A Powerful Call-to-Action
PyGotham, New York City's regional Python conference, took place again last fall at the historic Hotel Pennsylvania, in the heart of Manhattan. I've been fortunate to have been able to attend PyGotham every year for the past three years.
The content at PyGotham is excellent and I always find myself struggling to choose which talk to attend (fortunately, the videos are published online).
But what stood out to me the most this year, was the collective call-to-action to make the tech community a place where everyone can feel a sense of belonging and thrive.
I felt this call-to-action in several ways:
In addition to open captioning, every PyGotham talk was interpeted in American Sign Language.
The three keynotes, "Python Use Spectrum" by Kojo Idrissa, "Accepting your successes" by Piper Thunstrom, and "Because Equity: Python FTW" by Meg Ray, were about welcoming people on the fringes into the community and making them feel valued, for the greater good of all.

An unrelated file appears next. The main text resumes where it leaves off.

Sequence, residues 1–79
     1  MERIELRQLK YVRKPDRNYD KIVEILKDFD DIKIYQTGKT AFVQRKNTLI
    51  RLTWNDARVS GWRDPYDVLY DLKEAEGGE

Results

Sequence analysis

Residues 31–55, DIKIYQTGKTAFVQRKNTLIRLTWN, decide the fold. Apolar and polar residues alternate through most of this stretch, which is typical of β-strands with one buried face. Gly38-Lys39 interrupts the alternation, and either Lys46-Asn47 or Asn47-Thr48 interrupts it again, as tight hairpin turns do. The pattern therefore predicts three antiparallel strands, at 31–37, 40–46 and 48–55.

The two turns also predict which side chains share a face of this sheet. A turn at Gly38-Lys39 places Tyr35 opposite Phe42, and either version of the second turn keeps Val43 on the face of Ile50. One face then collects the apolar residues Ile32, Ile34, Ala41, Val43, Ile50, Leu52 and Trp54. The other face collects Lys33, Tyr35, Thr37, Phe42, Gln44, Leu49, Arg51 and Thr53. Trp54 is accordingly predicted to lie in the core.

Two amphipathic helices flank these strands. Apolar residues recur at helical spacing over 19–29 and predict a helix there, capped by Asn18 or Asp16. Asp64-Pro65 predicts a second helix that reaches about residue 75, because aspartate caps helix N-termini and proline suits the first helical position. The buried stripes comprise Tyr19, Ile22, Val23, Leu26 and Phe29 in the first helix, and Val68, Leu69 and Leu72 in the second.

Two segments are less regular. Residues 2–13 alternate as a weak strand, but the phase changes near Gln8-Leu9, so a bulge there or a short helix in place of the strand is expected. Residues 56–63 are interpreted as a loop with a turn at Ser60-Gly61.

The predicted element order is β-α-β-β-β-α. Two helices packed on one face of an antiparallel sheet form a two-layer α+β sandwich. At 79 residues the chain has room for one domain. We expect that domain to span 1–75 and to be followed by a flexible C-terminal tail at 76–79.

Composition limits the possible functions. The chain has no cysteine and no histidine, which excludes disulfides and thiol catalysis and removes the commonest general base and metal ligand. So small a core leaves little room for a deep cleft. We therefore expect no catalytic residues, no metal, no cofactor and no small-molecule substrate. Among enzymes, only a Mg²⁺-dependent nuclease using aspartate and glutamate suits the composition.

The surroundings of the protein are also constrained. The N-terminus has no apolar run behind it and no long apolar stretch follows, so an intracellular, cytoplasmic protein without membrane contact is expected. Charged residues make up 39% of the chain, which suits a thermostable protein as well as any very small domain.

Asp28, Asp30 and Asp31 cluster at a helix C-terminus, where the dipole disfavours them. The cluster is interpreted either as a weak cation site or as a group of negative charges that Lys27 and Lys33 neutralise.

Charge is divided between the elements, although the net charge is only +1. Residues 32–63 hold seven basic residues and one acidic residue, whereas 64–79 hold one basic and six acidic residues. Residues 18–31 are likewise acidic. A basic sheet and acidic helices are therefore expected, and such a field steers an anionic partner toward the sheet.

I felt inspired by a talk by Froi Irizarry Rivera and José Padilla called "Python, Governments, and Contracts," in which they told of their feeling of helplessness as they watched a hurricane ravage Puerto Rico and how they had spontaneously channeled their frustration into an appeal for grassroots volunteers who have now created powerful tools to root out corruption.
And during my own visit to the Statue of Liberty and Ellis Island, I watched Ranger Jenn re-enact the impassioned stories of people who had arrived at Ellis Island as prospective immigrants. She told of the extreme adversity many had faced to be accepted in the United States. More about that later in this blog post.
All converged into one interwoven experience that felt very fitting in such a diverse city.
A Note About American Sign Language at PyGotham
Approximately a month before PyGotham, I attended an event at Strange Loop conference in St. Louis where a deaf woman named Mel Chua was a featured speaker. Mel is an electrical computer engineer with a background in free open-source software (FOSS), large-scale distributed engineering team collaboration, and engineering education culture.